A challenge: Whether you use a rowing machine at home (like the hydrow, Rowing Where Ergatta), the gym, or a studio dedicated to rowing workouts, it’s common to experience wrist pain at some point, especially when you’re still mastering your stroke.
“If people are experiencing wrist pain, it’s probably a technique issue – grabbing the handle too hard, starting the shot with an arm ‘pull’ first rather than a leg thrust, or finish with the handle too high and flexing through the wrist,” says Michelle Parolini, CPT, a senior master trainer for Townhouse. It is therefore essential to work on your form.
“Step one: check your grip,” says Parolini. “The handle should always hang from your fingertips with your arms hanging like cables.” By this she means that they should be long, but with a bit of tension in them.
“Step two: check the sequence of moves,” she says. “Push with the legs, open the hips, then finally pull with the arms – the arms should only be about 10% of the stroke.”
“Step Three: Make sure you’re holding onto your core and engaging the lats throughout the finish. Your wrist should be in line with the forearm, elbows back, and the grip stops at the sternum level, without pulling too high, which causes the wrists to bend.Parolini says to consider balancing a water bottle on your wrist on the finish.
Besides form, Parolini has two other tips for dealing with wrist pain from rowing.
1. Strengthen your abdominal and back muscles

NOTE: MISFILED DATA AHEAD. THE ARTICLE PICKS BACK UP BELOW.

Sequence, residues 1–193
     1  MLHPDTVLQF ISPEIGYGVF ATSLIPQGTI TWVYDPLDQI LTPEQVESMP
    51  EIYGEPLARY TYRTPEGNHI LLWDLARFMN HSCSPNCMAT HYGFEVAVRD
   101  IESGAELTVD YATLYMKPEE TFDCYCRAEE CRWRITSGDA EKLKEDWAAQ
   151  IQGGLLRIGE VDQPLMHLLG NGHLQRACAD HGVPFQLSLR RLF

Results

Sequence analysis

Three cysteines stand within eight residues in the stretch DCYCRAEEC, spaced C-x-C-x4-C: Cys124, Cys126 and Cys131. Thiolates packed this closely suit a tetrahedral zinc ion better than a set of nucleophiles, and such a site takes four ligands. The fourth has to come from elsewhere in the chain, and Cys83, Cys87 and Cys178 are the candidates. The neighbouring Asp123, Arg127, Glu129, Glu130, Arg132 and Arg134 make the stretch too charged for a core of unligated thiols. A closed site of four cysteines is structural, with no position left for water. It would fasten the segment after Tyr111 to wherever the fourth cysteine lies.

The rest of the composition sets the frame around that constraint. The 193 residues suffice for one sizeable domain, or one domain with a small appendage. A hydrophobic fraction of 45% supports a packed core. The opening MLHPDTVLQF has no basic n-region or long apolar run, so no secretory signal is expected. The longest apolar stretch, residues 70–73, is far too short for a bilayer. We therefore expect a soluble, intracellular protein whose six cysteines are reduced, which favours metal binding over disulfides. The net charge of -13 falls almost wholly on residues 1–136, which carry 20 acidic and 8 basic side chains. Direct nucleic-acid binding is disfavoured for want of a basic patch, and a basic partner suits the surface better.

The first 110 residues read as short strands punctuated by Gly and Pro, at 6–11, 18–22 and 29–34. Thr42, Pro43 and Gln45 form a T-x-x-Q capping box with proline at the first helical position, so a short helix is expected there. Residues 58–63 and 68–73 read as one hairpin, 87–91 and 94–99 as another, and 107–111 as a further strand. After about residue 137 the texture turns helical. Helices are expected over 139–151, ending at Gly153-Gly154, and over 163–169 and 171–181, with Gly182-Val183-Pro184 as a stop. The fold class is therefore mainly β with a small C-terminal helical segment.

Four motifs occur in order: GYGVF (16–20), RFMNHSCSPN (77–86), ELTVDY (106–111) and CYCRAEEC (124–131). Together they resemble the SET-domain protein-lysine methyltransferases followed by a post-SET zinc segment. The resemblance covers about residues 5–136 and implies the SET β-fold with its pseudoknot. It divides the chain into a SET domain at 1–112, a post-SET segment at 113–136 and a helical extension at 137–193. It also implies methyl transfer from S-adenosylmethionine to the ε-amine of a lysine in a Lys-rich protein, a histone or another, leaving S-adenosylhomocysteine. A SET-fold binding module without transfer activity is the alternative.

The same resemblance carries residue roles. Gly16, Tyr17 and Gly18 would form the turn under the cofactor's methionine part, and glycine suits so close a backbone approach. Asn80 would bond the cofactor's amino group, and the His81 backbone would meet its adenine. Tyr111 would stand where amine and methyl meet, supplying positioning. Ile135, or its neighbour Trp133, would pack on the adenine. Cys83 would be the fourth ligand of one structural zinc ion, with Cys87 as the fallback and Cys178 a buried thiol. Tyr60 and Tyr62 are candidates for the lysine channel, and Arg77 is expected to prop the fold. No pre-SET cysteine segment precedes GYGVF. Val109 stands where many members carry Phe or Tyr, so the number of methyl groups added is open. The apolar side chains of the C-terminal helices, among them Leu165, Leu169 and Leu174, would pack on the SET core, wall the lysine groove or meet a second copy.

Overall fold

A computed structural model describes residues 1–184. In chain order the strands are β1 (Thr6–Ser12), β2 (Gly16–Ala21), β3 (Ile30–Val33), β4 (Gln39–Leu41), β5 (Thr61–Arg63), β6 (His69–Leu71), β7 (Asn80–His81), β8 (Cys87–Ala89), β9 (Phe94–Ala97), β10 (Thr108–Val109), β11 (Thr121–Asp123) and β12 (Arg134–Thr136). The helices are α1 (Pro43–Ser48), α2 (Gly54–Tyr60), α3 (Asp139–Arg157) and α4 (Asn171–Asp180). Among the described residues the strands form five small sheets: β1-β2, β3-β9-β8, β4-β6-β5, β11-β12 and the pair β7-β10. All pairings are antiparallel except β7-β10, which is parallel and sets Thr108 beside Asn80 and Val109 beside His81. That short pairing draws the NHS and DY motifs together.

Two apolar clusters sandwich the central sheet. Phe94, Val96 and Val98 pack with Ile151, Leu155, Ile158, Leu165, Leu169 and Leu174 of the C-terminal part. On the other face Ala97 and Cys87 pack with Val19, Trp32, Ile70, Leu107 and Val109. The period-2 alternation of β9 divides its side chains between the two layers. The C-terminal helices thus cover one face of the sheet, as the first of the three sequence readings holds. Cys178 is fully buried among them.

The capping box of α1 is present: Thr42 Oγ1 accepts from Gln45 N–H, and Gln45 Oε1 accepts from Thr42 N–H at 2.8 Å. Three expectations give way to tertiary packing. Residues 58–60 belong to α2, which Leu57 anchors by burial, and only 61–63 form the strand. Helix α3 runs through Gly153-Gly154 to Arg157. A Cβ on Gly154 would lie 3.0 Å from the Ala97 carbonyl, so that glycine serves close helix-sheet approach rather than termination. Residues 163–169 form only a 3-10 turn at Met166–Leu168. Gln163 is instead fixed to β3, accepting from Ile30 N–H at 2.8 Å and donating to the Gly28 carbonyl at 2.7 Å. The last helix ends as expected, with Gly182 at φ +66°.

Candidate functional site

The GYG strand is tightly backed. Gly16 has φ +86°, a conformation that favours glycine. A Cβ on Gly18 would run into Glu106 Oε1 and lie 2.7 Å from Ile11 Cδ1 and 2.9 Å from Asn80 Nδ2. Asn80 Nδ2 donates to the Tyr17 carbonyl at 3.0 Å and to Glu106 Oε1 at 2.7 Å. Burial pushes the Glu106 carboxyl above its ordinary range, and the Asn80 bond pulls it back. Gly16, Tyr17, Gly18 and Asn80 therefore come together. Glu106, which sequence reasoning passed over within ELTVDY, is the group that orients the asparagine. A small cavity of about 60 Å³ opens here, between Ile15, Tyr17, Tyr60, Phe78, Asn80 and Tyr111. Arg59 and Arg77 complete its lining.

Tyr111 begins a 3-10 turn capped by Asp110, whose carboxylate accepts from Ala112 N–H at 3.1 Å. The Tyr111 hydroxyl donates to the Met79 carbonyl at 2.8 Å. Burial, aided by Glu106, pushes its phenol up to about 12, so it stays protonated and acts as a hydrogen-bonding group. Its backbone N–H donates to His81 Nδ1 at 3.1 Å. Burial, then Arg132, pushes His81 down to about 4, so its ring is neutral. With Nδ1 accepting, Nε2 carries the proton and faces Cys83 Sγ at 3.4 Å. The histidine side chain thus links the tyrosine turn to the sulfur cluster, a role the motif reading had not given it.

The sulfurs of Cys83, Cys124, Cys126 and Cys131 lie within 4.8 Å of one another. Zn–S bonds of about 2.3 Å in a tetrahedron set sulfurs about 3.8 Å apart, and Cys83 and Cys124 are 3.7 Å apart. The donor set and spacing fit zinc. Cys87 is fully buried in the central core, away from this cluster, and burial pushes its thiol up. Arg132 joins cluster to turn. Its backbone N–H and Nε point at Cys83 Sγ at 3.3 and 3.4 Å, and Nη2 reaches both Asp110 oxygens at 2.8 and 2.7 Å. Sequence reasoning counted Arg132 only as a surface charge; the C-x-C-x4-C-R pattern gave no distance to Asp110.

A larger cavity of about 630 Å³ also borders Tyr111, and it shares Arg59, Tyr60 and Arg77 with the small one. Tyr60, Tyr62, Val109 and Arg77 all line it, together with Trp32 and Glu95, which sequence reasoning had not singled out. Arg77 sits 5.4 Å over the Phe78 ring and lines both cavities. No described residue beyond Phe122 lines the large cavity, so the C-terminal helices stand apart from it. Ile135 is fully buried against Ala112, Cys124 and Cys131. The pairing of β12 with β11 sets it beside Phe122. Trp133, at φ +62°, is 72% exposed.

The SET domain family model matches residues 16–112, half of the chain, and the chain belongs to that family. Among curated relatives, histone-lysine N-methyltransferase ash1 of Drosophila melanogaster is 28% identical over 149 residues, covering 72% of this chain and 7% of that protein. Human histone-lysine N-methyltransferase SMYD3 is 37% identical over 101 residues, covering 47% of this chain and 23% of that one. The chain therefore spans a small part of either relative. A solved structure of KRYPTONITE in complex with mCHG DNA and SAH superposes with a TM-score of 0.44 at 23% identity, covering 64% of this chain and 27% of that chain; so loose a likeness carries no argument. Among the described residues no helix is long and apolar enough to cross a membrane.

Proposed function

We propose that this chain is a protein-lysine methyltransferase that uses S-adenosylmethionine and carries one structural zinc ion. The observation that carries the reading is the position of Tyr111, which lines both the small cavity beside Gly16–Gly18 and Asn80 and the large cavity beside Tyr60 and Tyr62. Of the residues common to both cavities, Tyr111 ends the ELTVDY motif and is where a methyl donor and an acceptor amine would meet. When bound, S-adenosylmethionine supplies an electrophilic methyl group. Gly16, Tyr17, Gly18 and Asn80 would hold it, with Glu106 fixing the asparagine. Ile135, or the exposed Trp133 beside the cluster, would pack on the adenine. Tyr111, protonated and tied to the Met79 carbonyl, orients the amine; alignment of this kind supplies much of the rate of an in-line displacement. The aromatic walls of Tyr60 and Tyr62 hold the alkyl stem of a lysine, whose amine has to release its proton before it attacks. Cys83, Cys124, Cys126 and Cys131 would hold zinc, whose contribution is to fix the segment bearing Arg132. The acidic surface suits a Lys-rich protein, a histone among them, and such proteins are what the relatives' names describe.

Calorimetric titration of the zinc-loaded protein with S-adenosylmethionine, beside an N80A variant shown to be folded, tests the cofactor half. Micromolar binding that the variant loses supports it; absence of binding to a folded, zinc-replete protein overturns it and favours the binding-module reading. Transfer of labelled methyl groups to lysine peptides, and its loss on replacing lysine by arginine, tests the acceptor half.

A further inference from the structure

Part of rowing with good form involves making sure you’re engaging the right muscle groups and not letting your wrists bear the brunt of all that force as you pull. “Reinforcement through the core, including the lats, will help engage the core on the drive,” says Parolini. “The reinforcement through the core will allow someone to hang from the handle rather than muscle it.”
All core and back workouts will help build strength in these areas, but Parolini especially recommends separation strip to strengthen the backbones. “They also help strengthen the shoulder joint,” she adds. “And forearm planks will help train torso stabilization, which is essential for a power workout.”
Here’s how to make a forearm plank with the proper shape:
2. Stretch before and after workouts
Stretching is one of the best ways to make sure your wrist joints, and the muscles and tendons around them, maintain their proper length-tension relationships, which means they’re all in their optimal positions. and no part of the group is working. harder than it should. There are three sections that Parolini particularly likes for rowers.
- Wrist extensor stretch: Join the palms of the hands in prayer position. Slowly raise your elbows while lowering your hands toward your waist to stretch the underside of your wrist.
- Figure Eight: Interlace your fingers. Keeping your elbows bent at your sides, move your hands in a figure 8 pattern back and forth.
- Finger stretch: Make a fist with both hands and squeeze as hard as you can, then open and spread your fingers as far apart as possible.
Aim to do at least 30 seconds of each stretch as part of a dynamic warm-up before jumping on your rowing machine, and consider making time for regularly stretching your wrists.
This wrist workout is a great place to start: